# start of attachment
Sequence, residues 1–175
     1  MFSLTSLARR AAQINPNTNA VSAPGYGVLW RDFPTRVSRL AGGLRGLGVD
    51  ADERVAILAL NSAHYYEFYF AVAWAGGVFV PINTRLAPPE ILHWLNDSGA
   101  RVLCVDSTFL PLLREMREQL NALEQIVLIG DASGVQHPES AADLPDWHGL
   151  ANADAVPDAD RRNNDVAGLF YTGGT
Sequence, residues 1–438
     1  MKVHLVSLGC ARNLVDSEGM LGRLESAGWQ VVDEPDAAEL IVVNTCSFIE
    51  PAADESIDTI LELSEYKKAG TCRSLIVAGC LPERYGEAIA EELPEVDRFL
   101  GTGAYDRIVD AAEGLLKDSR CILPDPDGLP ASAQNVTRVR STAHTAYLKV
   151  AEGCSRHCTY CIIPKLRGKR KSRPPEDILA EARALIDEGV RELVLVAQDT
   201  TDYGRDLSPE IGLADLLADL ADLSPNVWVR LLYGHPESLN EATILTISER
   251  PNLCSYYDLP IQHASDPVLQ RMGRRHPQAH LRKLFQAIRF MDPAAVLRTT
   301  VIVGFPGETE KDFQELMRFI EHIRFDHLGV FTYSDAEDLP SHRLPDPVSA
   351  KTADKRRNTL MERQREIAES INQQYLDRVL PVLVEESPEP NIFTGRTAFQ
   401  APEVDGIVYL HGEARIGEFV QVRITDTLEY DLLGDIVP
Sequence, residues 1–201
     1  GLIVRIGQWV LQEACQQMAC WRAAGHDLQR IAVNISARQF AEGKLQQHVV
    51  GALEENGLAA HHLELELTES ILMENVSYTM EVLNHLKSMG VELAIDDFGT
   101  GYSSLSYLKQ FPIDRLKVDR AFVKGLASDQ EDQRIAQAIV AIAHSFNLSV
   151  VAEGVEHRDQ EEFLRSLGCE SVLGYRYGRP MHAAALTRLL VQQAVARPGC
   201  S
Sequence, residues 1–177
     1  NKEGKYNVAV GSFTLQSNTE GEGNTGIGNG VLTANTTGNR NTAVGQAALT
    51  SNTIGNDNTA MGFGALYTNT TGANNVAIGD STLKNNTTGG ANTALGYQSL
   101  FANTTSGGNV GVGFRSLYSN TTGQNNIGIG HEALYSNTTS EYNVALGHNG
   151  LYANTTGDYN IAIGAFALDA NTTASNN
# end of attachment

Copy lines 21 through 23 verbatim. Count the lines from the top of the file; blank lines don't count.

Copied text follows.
   201  S
Sequence, residues 1–177
     1  NKEGKYNVAV GSFTLQSNTE GEGNTGIGNG VLTANTTGNR NTAVGQAALT